Alumni uses cooking to teach materials science on YouTube
Why did my peanut butter cookies turn out hard as rocks? Why do I have to knead bread to make it light and fluffy? Why does chicken turn white when it’s boiled but brown when it’s cooked in a pan or baked? DMSE alumni Mingyu Yang ’19 answers these food science questions—and more—as part of a new series on YouTube.
Now a PhD student at the Harvard-MIT Program in Health Sciences & Technology, Mingyu and a group of fellow engineers have created “Kitchen Matters: Materials Science of Food and Cooking” to answer the questions we all ask while cooking our meals or favorite treats and to teach the public a little about materials science and engineering at the same time.
Yang says he was inspired by classes he took at Johns Hopkins with Tim Mueller, assistant professor of materials science and engineering. In particular, he recalls Mueller demonstrating how to temper chocolate, bringing to delicious life concepts taught in that professor’s kinetics class. That, along with a food science seminar he attended at MIT-Harvard, showed him how cooking could be used to introduce materials science to anyone.
“Watching others gain an appreciation for the field of materials science and engineering through the lens of food helped me realize there was a lot of potential for reaching a broader audience,” said Yang,
“With lessons featuring common foods like chocolate or chicken, we want to expose viewers to materials science and help them realize that while it’s a lesser known branch of engineering, it regularly plays a part in everyday life.”
In their videos (six so far), members of the Kitchen Matters team are faced with the same challenges and ask the same questions that we all ask while cooking or baking, but they apply the scientific method and materials science concepts to find answers.
In one video, “Nucleation and crystal growth,” they take a look at the processes of making rock candy and fudge. Both involve manipulating sugar (heating, cooling, etc.), but what is it about those processes that makes rock candy hard and crunchy and fudge chewy and silky? (You’ll have to watch the video to find out; no spoilers here!)
“Ultimately, materials science engineers are interested in how structure and processing affect the properties and performance of the materials in question,” said Yang. “In that way, bakers and chefs share a lot of the same goals for the food they make.”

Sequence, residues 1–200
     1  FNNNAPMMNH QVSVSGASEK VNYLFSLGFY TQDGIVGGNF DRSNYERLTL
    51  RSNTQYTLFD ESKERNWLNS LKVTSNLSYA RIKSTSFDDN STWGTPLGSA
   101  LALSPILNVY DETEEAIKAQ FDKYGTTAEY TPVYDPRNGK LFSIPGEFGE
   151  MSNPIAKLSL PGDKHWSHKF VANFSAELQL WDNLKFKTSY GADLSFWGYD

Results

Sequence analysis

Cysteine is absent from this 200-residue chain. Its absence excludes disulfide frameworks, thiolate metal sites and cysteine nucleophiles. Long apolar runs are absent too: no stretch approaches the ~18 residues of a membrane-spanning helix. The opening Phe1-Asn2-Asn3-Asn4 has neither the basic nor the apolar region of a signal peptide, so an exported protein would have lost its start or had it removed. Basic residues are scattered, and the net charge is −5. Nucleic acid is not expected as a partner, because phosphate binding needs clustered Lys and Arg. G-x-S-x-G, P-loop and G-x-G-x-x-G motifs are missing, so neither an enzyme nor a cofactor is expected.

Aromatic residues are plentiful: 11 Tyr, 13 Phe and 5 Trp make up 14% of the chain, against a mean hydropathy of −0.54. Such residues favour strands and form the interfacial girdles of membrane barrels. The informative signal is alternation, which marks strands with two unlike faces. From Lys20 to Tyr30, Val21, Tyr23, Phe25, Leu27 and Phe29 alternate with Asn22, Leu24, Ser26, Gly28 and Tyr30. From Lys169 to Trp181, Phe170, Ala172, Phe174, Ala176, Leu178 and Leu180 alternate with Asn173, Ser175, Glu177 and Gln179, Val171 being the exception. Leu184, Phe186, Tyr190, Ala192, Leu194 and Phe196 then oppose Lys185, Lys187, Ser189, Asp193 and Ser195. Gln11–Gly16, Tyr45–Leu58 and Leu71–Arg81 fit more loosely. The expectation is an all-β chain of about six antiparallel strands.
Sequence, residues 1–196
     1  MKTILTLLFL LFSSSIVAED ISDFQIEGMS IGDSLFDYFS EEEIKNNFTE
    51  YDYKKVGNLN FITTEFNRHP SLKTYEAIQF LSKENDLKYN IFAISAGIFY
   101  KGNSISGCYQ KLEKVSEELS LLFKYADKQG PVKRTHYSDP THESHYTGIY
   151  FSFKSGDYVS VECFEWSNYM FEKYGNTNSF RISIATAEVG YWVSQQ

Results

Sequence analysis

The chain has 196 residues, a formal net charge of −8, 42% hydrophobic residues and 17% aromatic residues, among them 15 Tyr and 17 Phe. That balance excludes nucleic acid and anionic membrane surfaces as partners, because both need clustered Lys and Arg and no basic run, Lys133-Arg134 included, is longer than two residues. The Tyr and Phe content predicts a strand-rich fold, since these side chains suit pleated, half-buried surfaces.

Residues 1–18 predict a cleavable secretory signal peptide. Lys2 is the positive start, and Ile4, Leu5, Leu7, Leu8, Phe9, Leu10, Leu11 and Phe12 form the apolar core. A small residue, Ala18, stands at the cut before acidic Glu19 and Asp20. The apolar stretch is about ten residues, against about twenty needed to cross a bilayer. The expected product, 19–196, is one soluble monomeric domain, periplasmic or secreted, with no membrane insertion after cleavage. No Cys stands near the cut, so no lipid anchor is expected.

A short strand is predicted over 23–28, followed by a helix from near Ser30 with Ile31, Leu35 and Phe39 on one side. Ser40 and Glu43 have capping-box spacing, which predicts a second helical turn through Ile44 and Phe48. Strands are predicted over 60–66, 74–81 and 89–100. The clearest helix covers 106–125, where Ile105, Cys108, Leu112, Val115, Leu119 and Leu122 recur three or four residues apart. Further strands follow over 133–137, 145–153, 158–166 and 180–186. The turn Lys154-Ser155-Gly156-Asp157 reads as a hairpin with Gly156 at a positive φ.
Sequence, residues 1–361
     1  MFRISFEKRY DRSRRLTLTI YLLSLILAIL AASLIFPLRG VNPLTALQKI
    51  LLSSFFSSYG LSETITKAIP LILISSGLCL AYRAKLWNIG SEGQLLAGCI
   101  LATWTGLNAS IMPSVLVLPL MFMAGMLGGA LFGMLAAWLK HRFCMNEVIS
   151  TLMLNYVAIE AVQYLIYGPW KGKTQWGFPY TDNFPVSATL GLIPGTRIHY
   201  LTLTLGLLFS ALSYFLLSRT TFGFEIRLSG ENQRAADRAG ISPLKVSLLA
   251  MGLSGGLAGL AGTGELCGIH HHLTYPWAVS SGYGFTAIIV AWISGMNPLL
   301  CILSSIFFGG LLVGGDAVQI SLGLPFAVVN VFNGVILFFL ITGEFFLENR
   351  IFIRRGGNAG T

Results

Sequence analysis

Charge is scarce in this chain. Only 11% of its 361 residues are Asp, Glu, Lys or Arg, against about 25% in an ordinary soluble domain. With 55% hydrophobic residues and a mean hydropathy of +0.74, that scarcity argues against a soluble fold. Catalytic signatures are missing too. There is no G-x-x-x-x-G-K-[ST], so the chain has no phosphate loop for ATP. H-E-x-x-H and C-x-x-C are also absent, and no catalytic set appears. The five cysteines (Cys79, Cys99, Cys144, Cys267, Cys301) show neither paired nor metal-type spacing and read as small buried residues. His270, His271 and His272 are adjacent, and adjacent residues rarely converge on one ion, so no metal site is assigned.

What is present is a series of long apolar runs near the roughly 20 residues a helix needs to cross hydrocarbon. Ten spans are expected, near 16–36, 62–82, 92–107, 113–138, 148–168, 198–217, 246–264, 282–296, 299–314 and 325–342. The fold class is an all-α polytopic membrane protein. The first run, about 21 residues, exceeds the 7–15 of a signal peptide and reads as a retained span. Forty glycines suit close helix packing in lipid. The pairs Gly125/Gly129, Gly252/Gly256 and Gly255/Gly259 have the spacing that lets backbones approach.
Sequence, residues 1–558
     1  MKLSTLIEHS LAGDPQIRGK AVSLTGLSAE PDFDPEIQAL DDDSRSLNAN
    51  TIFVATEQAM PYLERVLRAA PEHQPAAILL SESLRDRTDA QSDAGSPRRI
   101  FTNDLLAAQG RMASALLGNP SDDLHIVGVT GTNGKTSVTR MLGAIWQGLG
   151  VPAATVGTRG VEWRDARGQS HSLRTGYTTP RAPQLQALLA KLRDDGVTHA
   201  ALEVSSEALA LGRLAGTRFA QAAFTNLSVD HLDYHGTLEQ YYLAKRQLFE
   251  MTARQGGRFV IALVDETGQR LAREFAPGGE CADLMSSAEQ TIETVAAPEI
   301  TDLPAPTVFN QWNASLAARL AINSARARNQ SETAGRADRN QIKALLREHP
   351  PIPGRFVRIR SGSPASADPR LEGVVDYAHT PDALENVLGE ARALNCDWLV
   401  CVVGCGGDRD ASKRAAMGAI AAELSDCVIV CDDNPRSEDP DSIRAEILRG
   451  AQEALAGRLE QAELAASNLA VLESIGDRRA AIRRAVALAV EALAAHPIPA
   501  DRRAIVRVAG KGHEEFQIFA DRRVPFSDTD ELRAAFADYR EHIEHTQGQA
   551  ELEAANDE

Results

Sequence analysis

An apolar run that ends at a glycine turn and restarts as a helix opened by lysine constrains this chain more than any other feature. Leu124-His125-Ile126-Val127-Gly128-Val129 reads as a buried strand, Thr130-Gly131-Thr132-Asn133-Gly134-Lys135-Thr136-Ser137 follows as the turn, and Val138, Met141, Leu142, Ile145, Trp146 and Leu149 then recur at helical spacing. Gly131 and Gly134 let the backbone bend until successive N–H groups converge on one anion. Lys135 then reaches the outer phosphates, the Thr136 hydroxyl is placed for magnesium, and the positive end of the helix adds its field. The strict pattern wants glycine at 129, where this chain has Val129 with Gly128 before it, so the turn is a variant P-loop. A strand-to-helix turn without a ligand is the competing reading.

Like any experiment, making a new recipe can present challenges and raise questions. Yang hopes to show viewers not only how to work through setbacks and develop problem-solving processes, but also that even brainy engineers can make mistakes.
The Kitchen Matters team started this project last winter in the midst of the biggest surge of COVID-19 cases in the U.S. to help parents and teachers looking for creative and accessible experiments to do with their children and students at home. Now, though, Yang and his team are taking their project a step farther, fostering a relationship with schools in the local Cambridge area, and working with teachers to design curricula around the videos: all aimed at expanding awareness about the field of materials science.
While Yang says learning new skills to create the video series has kept him entertained throughout the pandemic, he also has always had an interest in teaching, mentoring and understanding how others learn. His time as an undergrad studying with Mueller, DMSE professor Hai-Quan Mao and associate teaching professor Orla Wilson, not only helped him realize the best route to teach others materials science runs through the kitchen, but also that education and outreach are his true calling.
“I really am passionate about research and STEM but also about how we can create more inclusive environments in higher ed,” said Yang.
He and the Kitchen Matters team look forward to the time when they can work together in the same room to produce these videos.
“Because of the pandemic, we haven’t been able to meet in person,” he said.
Here is the newest episode of Kitchen Matters, “Science of tempering chocolate” – don’t forget to like the video and subscribe to their channel! You can also find Mingyu on Twitter @Mingyu_Y